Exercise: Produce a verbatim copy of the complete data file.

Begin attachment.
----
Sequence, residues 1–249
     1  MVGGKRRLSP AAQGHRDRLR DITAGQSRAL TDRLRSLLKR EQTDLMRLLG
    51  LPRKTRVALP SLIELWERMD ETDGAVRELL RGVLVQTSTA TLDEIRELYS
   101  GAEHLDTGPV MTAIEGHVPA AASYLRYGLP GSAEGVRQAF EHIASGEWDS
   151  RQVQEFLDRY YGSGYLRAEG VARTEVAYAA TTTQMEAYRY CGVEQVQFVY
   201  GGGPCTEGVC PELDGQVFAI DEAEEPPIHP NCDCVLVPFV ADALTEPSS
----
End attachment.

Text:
Sequence, residues 1–249
     1  MVGGKRRLSP AAQGHRDRLR DITAGQSRAL TDRLRSLLKR EQTDLMRLLG
    51  LPRKTRVALP SLIELWERMD ETDGAVRELL RGVLVQTSTA TLDEIRELYS
   101  GAEHLDTGPV MTAIEGHVPA AASYLRYGLP GSAEGVRQAF EHIASGEWDS
   151  RQVQEFLDRY YGSGYLRAEG VARTEVAYAA TTTQMEAYRY CGVEQVQFVY
   201  GGGPCTEGVC PELDGQVFAI DEAEEPPIHP NCDCVLVPFV ADALTEPSS